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Ethical Decisionmaking

Because the role of the SANE intersects both the health care system and the criminal justice system, conflicts do arise between the needs of the patient and the needs of the criminal justice system. When faced with an ethical conflict, nurses should start with the Nurse Practice Act. Does the Nurse Practice Act speak to the nurse's duty to give care in a specific situation? SANEs can also use the American Nurses Association Code of Ethics as a framework for ethical decisionmaking. In 2008, IAFN published Vision of Ethical Practice. The Vision of Ethical Practice provides a guide for looking at ethical issues within forensic nursing. It is designed to be a document used for encouraging, instead of enforcing, a standard of practice.

Having clear policies and procedures about informed consent, providing examinations for unconscious patients, and collecting evidence from nonconsenting suspects allows nurses to provide ethical care in many situations. It is impossible to predict all of the possible scenarios that a SANE nurse might face in advance. Programs should have protocols in place for seeking legal and ethical advice. Most hospitals have risk managers and ethics committees, and SANEs should be aware of how they function and when to contact them with a concern. It is not sufficient for nurses to make a decision based on what they think is right. Ethical decisionmaking requires a broader look at what is legal under the circumstances, and what patients would decide for themselves if they were able. Hospital ethics committees provide valuable assistance in ethical decisionmaking because they are composed of members who represent both the hospital and the community. Chapter 7 provides more guidance on creating specific policies for ethical issues such as collecting evidence from an unconscious patient.

For SANEs involved in either clinical or practice research, Institutional Review Boards (IRB) provide a required evaluation of the ethical implications of the research. Seeking IRB approval helps to ensure that the safety, privacy, and confidentiality of a patient or other subjects, such as nurses, are considered before any research is conducted. HIPAA also requires IRB approval for any research involving patients, including chart reviews.66 Hospital-based SANE programs may have access to an IRB through their facility. Other programs may wish to partner with a local college or university. Some tribes may also have their own IRB. It is important for SANEs to realize that any data collection from patients regarding their experiences with interpersonal violence can potentially trigger a trauma response from the patient, and nurses need to be prepared to provide support to patients dealing with a trauma response if it occurs.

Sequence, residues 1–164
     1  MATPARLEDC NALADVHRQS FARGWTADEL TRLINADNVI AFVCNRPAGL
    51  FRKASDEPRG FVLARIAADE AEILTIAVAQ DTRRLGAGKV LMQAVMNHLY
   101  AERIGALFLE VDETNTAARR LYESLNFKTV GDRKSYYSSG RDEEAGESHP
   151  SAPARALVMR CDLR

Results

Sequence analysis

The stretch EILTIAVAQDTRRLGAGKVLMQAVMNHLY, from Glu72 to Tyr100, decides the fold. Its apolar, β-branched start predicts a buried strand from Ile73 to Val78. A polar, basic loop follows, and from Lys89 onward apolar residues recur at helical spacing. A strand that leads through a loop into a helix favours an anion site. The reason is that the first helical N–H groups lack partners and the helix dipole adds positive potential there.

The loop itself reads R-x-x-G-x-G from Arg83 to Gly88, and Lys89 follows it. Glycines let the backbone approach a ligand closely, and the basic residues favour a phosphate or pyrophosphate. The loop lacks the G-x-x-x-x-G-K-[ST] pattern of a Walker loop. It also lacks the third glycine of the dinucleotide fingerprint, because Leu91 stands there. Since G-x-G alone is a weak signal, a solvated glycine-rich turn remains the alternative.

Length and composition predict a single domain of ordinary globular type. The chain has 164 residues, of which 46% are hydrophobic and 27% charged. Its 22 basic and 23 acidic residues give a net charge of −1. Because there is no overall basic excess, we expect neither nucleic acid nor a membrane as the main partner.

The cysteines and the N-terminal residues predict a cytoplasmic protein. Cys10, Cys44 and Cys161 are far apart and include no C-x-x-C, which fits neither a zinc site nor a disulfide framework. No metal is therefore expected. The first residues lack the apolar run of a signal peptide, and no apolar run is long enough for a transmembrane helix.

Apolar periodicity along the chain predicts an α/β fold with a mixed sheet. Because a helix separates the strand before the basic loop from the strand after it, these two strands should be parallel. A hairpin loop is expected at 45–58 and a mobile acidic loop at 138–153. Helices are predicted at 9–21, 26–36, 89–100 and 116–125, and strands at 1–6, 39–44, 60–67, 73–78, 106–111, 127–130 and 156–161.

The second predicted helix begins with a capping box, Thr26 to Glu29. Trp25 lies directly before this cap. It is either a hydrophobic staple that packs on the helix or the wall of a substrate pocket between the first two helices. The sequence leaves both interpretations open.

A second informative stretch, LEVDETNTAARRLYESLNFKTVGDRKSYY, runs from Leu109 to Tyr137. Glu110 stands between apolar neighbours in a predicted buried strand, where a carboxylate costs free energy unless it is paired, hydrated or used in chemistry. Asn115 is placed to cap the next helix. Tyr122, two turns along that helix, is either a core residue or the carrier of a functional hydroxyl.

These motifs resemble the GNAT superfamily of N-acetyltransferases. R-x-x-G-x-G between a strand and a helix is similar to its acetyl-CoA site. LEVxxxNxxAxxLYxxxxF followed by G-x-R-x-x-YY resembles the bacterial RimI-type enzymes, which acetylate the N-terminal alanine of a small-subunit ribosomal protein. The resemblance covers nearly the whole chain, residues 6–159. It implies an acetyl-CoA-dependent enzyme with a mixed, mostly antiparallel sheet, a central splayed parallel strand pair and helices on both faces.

It is critical to understand the legal and ethical aspects of SANE practice. SANE programs must be aware of any state, tribal, or federal laws that impact the nurses in their practice. SANEs must also create policies and procedures that comply with the laws of the state and, if practicing in Indian Country, the laws of the tribe and the Federal Government. Appropriate legal counsel should be consulted throughout the process of SANE program development.